Monday, 13 August 2018

The Trials Of A Crime Writer: Awkward Conversations


AWKWARD CONVERSATIONS

This has been a piece sitting on my to-do list for a while, but it's really only been recently that I've had a chance to think about firstly what it means, and secondly, how to transfer that into text. It feels like something best left to talking, but I am a writer, and therefore I've decided to keep trying to transfer what I mean to the written word. As a crime writer, I've had a lot of awkward conversations, and I'm betting that you can probably guess the majority of them. Writing life is a whole hashtag on Twitter and along with Writer Problems, you can find some good snippets of what it means to be a writer and what it means to have people ask what you do for a living.

I'm sure you've all been there, while dinner parties aren't really something my generation does, we do have the formal and informal get togethers where you start talking to strangers and they ask what exactly it is you do for a living. Now I have the added bonus of having to avoid answering the question that usually precedes that and I'll leave that for a whole different blog piece. For now I'll focus on the conversation that comes along when you say you're a writer. I'm sure you've all been there. It usually goes something like this.

THEM: So what do you write about?
YOU: Generally I stick in the crime genre
THEM: Oh, so like serial killers and the macabre. Things like that?
YOU: Yeah, the darker side of humanity and all of that jazz.
THEM: *makes a face* doesn't that get rather depressing?
YOU: No, I actually enjoy thinking up new ways to commit crimes and get away with it. It's quite fun actually.
THEM: *nervous laughter*
YOU: Plus, it's all about putting the pieces together. I'm not actually committing the crimes after all. I'm picking up the pieces afterwards.
THEM: *stares at you*
YOU: But anyway, do you read crime?
THEM: Yes, but I could never enjoy it! *backs away slowly*.

I'm sure you can work out just how many different ways this conversation can go. I've done it multiple times. People either get really interested and actually look at you like you're interesting, or they look at you like you just suggested cannibalism and acting out various crimes right there and then. That's the thing when you're a crime writer, you think about crime. Whether that's about, as I said above, how to carry it out and get away with it, but also how to catch someone. Where the mistakes can be made, how to weave in plot points and bring around the ending that you want. You have to think not just about the crime itself, but the pathology that goes into it. It's a dark subject yes, but as I've said before, it's something that needs to be written about.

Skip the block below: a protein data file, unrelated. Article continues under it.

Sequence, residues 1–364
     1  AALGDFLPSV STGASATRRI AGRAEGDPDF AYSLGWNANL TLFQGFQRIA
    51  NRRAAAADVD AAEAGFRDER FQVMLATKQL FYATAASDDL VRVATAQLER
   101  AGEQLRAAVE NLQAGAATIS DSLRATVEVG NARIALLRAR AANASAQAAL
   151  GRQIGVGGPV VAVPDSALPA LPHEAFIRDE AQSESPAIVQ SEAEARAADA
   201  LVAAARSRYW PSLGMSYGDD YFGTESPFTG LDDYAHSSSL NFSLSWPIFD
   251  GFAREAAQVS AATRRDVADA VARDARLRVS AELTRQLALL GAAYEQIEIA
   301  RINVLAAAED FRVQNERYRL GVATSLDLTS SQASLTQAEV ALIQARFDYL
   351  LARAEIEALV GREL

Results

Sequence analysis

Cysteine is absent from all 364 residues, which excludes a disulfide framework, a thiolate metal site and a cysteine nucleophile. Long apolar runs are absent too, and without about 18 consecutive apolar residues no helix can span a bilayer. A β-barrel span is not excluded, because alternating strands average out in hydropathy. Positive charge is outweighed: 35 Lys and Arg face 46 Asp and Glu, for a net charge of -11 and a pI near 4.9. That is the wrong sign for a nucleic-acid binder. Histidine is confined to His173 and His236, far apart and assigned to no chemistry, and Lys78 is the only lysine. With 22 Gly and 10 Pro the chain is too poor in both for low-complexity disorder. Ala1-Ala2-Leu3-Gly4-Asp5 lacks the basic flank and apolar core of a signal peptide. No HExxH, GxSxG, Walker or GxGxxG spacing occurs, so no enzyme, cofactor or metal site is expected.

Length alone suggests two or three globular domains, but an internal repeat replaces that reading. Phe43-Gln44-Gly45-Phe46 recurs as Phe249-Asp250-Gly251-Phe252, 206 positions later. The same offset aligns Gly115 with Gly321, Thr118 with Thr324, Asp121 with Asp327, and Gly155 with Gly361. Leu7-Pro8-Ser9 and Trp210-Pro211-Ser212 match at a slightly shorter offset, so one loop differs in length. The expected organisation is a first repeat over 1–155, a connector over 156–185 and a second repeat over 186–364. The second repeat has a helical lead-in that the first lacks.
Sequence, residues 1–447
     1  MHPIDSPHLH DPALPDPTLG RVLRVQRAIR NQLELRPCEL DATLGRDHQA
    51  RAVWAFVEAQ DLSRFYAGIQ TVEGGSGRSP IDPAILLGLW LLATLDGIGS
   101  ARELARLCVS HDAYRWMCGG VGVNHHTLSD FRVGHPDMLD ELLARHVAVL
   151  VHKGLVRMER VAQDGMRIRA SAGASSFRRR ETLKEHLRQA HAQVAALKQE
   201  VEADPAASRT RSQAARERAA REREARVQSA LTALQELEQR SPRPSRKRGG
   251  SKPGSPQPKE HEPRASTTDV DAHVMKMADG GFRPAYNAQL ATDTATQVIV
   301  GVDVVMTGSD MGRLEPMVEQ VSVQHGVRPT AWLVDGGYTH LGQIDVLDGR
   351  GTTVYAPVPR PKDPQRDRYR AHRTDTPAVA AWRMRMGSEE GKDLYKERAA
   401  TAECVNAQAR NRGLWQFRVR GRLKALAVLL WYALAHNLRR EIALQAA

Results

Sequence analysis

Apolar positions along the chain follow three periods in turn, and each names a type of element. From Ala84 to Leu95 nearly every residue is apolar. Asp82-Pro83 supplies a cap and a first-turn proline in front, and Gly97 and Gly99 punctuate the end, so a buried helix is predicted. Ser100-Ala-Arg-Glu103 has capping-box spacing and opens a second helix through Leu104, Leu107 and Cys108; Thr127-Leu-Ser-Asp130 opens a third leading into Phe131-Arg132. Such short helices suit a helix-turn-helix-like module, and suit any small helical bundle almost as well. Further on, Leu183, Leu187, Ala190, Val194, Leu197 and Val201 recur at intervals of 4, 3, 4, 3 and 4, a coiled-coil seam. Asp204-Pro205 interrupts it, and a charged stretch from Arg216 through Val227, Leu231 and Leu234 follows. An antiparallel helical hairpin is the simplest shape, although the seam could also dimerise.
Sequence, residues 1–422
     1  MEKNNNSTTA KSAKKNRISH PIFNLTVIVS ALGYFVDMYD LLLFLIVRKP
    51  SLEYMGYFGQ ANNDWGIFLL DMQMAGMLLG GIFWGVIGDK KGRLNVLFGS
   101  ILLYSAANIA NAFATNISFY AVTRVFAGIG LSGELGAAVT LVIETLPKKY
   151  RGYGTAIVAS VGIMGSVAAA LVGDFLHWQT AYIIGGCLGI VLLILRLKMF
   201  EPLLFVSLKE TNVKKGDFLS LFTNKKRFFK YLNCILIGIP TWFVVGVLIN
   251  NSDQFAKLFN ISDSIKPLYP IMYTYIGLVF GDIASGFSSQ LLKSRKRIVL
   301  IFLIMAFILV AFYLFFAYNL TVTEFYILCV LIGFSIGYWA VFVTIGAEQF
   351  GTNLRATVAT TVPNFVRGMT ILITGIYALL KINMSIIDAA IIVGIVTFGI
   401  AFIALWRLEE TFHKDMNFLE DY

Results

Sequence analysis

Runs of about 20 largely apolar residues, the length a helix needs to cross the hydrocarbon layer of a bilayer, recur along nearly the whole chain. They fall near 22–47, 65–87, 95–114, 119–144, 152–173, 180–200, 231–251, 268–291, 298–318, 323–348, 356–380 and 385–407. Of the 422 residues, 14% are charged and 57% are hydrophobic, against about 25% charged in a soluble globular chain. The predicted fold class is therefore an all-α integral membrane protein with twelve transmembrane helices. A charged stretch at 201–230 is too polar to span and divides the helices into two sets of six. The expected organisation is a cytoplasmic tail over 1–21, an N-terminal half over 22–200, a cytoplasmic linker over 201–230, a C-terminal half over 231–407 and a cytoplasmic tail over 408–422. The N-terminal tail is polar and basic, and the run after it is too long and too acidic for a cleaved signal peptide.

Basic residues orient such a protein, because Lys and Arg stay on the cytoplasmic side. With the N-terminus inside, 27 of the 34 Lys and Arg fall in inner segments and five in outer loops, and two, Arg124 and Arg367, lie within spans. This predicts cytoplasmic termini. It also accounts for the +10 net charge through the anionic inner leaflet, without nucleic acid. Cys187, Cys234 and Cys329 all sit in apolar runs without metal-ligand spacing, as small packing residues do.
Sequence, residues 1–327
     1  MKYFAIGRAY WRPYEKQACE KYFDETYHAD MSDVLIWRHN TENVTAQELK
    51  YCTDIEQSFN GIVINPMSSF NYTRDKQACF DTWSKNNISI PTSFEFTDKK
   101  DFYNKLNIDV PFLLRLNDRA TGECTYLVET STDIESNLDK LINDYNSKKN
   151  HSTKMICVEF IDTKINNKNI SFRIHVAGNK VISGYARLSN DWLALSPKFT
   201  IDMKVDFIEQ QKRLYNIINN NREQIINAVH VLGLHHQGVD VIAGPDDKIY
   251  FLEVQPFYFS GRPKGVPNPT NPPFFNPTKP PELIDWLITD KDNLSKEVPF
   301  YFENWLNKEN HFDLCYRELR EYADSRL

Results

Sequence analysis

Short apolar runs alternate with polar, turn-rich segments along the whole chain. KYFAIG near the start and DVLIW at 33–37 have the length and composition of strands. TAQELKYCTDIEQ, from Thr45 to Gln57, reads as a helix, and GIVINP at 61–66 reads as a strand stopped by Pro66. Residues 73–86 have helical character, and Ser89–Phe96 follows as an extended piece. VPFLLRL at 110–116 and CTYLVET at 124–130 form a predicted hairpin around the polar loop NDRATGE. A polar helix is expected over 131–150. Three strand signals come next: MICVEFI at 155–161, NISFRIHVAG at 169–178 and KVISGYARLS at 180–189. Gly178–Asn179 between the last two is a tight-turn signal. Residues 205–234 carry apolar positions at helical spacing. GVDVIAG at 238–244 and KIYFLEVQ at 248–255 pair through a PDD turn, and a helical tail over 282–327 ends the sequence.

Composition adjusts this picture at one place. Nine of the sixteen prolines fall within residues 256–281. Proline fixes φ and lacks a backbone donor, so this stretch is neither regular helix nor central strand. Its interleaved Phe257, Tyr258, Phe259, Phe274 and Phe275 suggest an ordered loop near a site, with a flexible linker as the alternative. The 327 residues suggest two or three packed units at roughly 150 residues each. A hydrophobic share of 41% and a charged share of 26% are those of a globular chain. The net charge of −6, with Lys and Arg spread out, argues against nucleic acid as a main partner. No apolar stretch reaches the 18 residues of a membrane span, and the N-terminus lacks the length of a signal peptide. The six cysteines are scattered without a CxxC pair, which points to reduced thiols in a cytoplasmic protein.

So, if you're like me, you'll find that the majority of your friends and family avoid talking about work. That's for those who them who don't want to know about the weird and wonderful ways your brain makes the connections, and then there's those who just don't want to be thinking about the dark sides of fiction. Now I personally love a good crime novel. I've grown up reading them from a young age and they always appealed to me. These days if I'm not thinking about crime, I'm reading it. But I guess what I'm trying to get across here is that it's normal to have those awkward conversations. It's part of being a writer.

There are, of course, the other group of friends and family who actually completely get why you love the genre and you can often be found huddled together at these kinds of gatherings discussing the many different ways to commit a crime and get away with it. It's great when you find these people. I often find myself drawn to those who also love a good mystery because we're like-minded and we completely understand that while crime itself isn't always a good thing, there's something to be said for telling a good story. Even when that story involves death, destruction and all those dark features. It's part of the human condition and I'm happy to admit that I'm a bit of a crime-addict. Not ashamed of it either. Your mileage may, of course, vary.

What about you? Do you have any awkward conversations to share? Let me know in the comments below!
 
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